Generative AI tends to tell you what you want to hear as opposed to providing you with factual answers that you may not want to hear. Crafting a prompt to base the output on actual data is key for better results. Third-party checking is also needed to trust, but verify.

So what are the best ways to move fast, minimize risk, and make headlines in a good way? For generative AI, in particular, grounding prompts in real-world data minimizes hallucination. One way to do that is to use APIs that extract data from your systems of record to build your prompts. By grounding your prompt in real-world data, generative AI models will be less inclined to fill in the blanks with plausible but made-up content. Additionally, you and your vendors should have an auditable AI trust model to identify and eliminate bias, toxicity, and sensitive data leakage.

2. “Centaur teams” will reduce turnover

When IBM’s Deep Blue defeated former world champion chess grandmaster Gary Kasparov in 1996, many thought the machines won for good. That’s not the case, but not in the way many would have expected. Yes, computers are typically better in human vs. machine chess matches. Still, studies have shown that pairing humans with computers – thus marrying human intellect to machine technology – creates a centaur team that performs better than humans or computers individually.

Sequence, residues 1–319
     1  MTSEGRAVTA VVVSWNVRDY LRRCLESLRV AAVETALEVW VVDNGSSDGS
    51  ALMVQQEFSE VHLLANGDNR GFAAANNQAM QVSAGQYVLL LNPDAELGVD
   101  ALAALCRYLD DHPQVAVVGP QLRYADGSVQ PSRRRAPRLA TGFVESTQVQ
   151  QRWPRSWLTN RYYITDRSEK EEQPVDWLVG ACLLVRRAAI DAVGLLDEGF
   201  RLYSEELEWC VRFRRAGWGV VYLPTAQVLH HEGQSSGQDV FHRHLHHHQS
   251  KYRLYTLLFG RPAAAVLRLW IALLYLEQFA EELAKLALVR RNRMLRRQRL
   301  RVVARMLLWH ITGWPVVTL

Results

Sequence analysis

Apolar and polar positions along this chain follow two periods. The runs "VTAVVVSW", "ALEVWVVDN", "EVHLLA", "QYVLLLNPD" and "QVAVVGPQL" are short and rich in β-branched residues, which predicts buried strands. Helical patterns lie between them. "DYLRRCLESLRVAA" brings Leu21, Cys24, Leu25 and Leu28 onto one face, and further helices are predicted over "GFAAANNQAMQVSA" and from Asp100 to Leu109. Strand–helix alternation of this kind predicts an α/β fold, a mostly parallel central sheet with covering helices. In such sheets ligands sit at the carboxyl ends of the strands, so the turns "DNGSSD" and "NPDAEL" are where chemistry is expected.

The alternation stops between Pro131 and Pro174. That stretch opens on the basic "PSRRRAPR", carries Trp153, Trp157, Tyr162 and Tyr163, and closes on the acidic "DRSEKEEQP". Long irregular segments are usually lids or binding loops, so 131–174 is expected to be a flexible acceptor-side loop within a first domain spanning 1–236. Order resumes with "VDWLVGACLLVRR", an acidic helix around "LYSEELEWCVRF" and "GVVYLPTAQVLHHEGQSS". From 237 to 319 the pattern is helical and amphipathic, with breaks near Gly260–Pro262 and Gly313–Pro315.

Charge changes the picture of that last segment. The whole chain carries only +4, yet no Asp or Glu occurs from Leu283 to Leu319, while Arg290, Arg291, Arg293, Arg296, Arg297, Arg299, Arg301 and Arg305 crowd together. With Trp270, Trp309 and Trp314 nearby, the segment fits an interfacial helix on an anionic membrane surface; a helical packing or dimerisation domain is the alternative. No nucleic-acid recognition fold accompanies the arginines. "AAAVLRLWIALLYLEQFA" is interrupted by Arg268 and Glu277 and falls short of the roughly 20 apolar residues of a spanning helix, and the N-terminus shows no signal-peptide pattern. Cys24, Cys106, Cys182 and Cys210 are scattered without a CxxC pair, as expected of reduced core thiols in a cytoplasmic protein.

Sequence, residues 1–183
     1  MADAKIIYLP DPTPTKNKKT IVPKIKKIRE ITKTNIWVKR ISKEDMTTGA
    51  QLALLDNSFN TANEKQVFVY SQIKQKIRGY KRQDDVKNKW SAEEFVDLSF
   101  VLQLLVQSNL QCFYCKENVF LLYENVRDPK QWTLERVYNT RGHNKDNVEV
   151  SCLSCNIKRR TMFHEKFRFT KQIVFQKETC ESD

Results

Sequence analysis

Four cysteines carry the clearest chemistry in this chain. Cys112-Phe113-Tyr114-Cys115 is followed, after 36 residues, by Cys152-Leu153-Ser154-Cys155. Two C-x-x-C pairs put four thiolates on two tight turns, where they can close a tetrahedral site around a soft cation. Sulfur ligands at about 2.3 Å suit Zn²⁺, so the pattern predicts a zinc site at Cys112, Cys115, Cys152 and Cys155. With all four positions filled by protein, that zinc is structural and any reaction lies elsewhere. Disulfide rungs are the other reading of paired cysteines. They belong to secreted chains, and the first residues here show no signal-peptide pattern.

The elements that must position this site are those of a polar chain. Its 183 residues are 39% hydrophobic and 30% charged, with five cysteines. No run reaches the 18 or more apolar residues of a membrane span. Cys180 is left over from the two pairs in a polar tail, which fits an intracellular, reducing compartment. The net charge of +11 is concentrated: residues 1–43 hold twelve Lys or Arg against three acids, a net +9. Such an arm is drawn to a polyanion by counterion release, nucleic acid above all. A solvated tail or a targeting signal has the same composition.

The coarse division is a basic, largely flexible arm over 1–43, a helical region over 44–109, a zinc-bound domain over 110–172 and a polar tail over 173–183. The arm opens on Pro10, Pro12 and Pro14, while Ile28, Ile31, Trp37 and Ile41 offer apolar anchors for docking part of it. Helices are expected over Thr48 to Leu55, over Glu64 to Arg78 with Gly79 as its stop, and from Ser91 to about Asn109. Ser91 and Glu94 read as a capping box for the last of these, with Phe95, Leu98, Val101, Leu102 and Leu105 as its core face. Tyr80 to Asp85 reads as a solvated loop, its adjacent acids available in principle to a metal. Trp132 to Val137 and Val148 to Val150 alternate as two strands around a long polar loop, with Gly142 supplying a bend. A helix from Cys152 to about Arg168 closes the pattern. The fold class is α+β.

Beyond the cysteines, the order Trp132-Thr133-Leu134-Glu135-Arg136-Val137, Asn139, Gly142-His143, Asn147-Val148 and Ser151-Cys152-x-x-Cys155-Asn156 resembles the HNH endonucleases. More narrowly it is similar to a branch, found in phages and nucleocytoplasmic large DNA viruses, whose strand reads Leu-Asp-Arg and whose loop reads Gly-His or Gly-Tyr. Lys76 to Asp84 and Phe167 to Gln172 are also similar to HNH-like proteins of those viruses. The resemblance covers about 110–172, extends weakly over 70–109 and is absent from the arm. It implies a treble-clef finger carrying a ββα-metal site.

Fast forward to today, Harvard Business School professor Karim Lakhani recently said, “AI is not going to replace humans, but humans with AI are going to replace humans without AI.” Further, many toil-laden jobs are prone to high turnover rates. For customer service reps, Gartner benchmarks show that the median attrition rate is 25%.

By building a customer service centaur team pairing humans with integration-fueled AI, manual swivel chair integration and hand-written case summaries can be replaced by AI-generated integrations and summaries grounded in real customer data and supervised for quality by customer service reps. This leads to faster case resolution, better service rep utilization, improved customer service, and happier reps who are less likely to quit due to frustrating manual toil.

3. Mainstream applications will embed AI

Services like ChatGPT, Bard, and others have shown mainstream users the power and magic of generative AI. However, this approach is limited as these tools aren’t integrated with systems of record, causing yet another screen for workers to swivel-chair and integrate manually. To address this, software providers are embedding AI in their products through copilots.

In-house-developed software can take advantage of AI, too. Developers have a wealth of AI models to choose from, and they, too, can augment their home-grown applications with API calls to open source and proprietary models that run on-premise and in the cloud. AI can breathe new life and exciting capabilities and efficiencies into existing applications, but concerns can still lie in data privacy and security. Companies need to ensure that developers can safely use and implement AI without sharing proprietary information with external models.